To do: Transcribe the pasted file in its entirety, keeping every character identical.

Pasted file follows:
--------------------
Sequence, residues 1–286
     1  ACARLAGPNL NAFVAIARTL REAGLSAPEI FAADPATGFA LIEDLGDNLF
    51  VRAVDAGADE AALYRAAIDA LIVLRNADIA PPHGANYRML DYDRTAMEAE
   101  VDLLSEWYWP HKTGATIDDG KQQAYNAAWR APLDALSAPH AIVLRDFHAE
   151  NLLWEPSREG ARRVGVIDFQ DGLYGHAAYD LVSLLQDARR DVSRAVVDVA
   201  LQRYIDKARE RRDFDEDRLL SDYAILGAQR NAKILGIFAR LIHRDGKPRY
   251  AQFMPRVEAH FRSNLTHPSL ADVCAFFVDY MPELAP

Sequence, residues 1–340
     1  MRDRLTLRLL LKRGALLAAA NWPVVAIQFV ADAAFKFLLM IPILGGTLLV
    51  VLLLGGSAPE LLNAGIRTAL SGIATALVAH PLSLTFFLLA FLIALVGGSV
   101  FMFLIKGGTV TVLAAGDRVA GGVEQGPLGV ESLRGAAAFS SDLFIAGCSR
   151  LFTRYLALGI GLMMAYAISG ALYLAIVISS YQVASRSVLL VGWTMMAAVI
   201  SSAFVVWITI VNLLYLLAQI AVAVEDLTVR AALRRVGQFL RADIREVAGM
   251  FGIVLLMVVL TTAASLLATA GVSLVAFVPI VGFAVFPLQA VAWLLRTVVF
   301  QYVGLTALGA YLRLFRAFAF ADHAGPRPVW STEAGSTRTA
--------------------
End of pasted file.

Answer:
Sequence, residues 1–286
     1  ACARLAGPNL NAFVAIARTL REAGLSAPEI FAADPATGFA LIEDLGDNLF
    51  VRAVDAGADE AALYRAAIDA LIVLRNADIA PPHGANYRML DYDRTAMEAE
   101  VDLLSEWYWP HKTGATIDDG KQQAYNAAWR APLDALSAPH AIVLRDFHAE
   151  NLLWEPSREG ARRVGVIDFQ DGLYGHAAYD LVSLLQDARR DVSRAVVDVA
   201  LQRYIDKARE RRDFDEDRLL SDYAILGAQR NAKILGIFAR LIHRDGKPRY
   251  AQFMPRVEAH FRSNLTHPSL ADVCAFFVDY MPELAP

Sequence, residues 1–340
     1  MRDRLTLRLL LKRGALLAAA NWPVVAIQFV ADAAFKFLLM IPILGGTLLV
    51  VLLLGGSAPE LLNAGIRTAL SGIATALVAH PLSLTFFLLA FLIALVGGSV
   101  FMFLIKGGTV TVLAAGDRVA GGVEQGPLGV ESLRGAAAFS SDLFIAGCSR
   151  LFTRYLALGI GLMMAYAISG ALYLAIVISS YQVASRSVLL VGWTMMAAVI
   201  SSAFVVWITI VNLLYLLAQI AVAVEDLTVR AALRRVGQFL RADIREVAGM
   251  FGIVLLMVVL TTAASLLATA GVSLVAFVPI VGFAVFPLQA VAWLLRTVVF
   301  QYVGLTALGA YLRLFRAFAF ADHAGPRPVW STEAGSTRTA